Subjective and polysomnographic characteristics of patients diagnosed with narcolepsy.
ABSTRACT In order to better characterize the subjective and polysomnographic findings in patients with narcolepsy, a follow-up questionnaire was mailed to all patients diagnosed with the disorder at the Henry Ford Hospital Sleep Disorders and Research Center. The questionnaire inquired regarding the present, previous, and change in status for the constellation of narcolepsy symptoms. Memory problems, problems of daytime function, and nocturnal sleep disturbance were included among the questions related to the symptomatic constellation. By definition, all patients were symptomatic of daytime sleepiness and were diagnosed with narcolepsy only if there were two or more rapid eye movement (REM) onsets documented on the polysomnographic evaluation. A high percentage of patients reported nocturnal sleep disturbance, which was one of the symptoms with the latest reported onset. Retrospective comparison of questionnaire responses to the clinical polysomnography revealed significantly more sleep maintenance difficulties in the group of patients reporting this symptom on the questionnaire. Patients with disturbed nocturnal sleep reported taking more naps during the day, although the Multiple Sleep Latency Test (MSLT) failed to show differences in sleep latency. Interestingly, this group of patients was found to have a significantly higher number of sleep onset REM episodes on the MSLT. Finally, the findings are discussed as they compare to studies that required the presence of cataplexy as part of their inclusion criteria.
SourceAvailable from: Pandi-Perumal Seithikurippu Ratnas[Show abstract] [Hide abstract]
ABSTRACT: Recent scientific evidences have brought a paradigm shift in our approach towards the concepts of insomnia and its management. The differentiation between primary and secondary insomnia was proved more hypothetical than actual and based upon the current evidences insomnia subtypes described in earlier system have been lumped into one-Insomnia Disorder. Research in this field suggests that insomnia occurring during psychiatric or medical disorders has a bidirectional and interactive relationship with and coexisting medical and psychiatric illnesses. The new approach looks to coexisting psychiatric or medical disorders as comorbid conditions and hence specifying two coexisting conditions. Therefore, the management and treatment plans should address both conditions. A number of sleep disorders may present with insomnia like symptoms and these disorders should be treated efficiently in order to alleviate insomnia symptoms. In such cases, a thorough history from the patient and his/her bed-partner is warranted. Moreover, some patients may need polysomnography or other diagnostic tests like actigraphy to confirm the diagnosis of the underlying sleep disorder. DSM-5 classification system of sleep-wake disorders has several advantages, e.g., it has seen insomnia across different dimensions to make it clinically more useful; it focuses on the assessment of severity and guides the mental health professional when to refer a patient of insomnia to a sleep specialist; lastly, it may encourage the psychiatrists to opt for the Sleep Medicine as a career.Asian Journal of Psychiatry 09/2014; DOI:10.1016/j.ajp.2014.09.003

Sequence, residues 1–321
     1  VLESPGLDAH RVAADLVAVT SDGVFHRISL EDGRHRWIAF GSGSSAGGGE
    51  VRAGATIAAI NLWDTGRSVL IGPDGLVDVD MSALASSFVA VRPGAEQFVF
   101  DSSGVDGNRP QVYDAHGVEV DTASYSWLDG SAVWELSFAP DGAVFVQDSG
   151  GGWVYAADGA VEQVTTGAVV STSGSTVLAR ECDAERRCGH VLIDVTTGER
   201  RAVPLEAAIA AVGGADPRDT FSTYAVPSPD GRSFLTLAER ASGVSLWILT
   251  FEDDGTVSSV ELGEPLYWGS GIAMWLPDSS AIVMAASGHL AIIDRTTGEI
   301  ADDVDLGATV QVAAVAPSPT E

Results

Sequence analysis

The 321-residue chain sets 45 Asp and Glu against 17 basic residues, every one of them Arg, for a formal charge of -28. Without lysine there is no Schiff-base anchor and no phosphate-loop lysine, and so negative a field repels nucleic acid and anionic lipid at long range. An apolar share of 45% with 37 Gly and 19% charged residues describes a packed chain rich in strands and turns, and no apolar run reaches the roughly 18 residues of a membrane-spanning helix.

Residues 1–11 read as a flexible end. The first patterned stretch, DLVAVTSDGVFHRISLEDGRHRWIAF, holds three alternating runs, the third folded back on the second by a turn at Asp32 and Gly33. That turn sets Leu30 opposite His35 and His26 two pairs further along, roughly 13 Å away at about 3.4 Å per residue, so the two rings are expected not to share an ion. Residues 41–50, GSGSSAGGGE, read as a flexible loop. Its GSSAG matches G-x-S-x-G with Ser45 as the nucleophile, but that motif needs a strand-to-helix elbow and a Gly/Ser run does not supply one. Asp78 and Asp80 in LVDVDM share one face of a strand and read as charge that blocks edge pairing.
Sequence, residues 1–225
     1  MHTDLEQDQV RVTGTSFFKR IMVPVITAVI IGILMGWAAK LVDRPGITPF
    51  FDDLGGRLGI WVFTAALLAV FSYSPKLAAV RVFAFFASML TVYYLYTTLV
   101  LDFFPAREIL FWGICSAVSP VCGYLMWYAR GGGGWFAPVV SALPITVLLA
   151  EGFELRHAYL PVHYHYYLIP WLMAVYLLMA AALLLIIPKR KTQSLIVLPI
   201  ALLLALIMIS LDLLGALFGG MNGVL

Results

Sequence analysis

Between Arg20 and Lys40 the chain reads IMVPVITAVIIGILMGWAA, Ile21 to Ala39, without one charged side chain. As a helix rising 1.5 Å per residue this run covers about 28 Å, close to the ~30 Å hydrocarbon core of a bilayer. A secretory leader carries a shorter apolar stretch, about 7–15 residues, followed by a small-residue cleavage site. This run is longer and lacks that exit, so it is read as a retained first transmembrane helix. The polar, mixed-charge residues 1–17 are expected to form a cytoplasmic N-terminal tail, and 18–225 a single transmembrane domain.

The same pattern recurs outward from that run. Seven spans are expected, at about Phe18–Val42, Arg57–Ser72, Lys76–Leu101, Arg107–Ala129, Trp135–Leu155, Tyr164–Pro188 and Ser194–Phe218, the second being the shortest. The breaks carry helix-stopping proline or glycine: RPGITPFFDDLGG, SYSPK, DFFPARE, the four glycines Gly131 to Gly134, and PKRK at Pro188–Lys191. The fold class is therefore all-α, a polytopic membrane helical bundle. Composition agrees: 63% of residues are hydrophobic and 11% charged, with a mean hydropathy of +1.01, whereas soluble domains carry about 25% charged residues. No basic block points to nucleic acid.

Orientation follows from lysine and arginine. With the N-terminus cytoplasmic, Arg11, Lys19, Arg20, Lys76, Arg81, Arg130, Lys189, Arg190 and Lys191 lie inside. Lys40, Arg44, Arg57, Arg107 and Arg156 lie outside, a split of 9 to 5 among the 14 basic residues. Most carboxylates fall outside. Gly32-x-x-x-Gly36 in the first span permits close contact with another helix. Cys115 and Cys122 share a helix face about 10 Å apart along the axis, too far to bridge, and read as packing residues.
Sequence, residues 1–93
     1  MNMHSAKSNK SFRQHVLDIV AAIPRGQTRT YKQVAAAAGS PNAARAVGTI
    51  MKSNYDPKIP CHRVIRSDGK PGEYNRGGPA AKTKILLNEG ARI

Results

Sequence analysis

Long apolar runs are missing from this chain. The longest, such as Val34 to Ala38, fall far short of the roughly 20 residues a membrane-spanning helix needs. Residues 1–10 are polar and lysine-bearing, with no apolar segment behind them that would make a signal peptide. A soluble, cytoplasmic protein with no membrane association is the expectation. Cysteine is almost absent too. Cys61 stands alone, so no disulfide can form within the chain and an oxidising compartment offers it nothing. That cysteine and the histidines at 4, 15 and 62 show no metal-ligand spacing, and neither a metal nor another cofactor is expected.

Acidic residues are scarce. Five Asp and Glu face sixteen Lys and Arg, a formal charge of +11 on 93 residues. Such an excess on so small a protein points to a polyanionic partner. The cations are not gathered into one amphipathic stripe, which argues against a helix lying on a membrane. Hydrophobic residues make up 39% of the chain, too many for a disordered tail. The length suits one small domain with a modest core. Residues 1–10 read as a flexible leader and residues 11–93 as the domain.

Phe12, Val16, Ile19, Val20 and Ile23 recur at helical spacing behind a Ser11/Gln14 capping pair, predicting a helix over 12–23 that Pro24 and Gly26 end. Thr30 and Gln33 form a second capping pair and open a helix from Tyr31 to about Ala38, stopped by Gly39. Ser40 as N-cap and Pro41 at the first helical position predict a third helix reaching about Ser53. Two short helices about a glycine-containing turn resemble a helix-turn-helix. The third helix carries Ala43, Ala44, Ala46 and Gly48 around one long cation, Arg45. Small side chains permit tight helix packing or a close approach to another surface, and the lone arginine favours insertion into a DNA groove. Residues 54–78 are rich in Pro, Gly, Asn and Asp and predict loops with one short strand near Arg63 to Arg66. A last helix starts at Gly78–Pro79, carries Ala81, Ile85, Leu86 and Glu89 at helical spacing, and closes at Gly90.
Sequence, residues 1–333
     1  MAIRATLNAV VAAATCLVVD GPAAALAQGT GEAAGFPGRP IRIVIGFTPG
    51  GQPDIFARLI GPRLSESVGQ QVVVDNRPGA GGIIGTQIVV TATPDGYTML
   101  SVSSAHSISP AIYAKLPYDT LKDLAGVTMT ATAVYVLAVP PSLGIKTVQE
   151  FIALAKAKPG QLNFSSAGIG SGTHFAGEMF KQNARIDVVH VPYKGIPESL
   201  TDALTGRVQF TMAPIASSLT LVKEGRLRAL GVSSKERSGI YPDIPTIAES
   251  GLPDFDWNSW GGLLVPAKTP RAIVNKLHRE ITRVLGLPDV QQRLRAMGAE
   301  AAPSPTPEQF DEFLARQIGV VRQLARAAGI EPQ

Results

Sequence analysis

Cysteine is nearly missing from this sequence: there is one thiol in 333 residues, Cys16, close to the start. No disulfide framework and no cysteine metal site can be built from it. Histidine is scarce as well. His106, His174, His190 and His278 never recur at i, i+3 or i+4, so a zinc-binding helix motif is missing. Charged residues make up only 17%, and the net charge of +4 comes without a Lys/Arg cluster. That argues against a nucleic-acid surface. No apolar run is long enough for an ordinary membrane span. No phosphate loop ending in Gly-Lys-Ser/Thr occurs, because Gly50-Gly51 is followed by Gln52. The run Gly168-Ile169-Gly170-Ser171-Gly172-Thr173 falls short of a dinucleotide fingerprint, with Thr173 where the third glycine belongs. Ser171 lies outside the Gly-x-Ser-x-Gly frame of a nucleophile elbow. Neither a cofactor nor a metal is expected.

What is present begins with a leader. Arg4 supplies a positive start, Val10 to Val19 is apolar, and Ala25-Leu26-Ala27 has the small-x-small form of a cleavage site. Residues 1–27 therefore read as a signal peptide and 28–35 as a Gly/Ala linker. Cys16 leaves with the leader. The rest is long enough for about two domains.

Dataset: When insomnia is not just insomnia
Article: Hypersomnias of Central Origin[Show abstract] [Hide abstract]
ABSTRACT: This article presents a succinct understanding of how to diagnose and manage hypersomnias of central origin, including narcolepsy, idiopathic hypersomnia, and recurrent hypersomnias.Neurologic Clinics 11/2012; 30(4):1027–1044. DOI:10.1016/j.ncl.2012.08.002 · 1.61 Impact Factor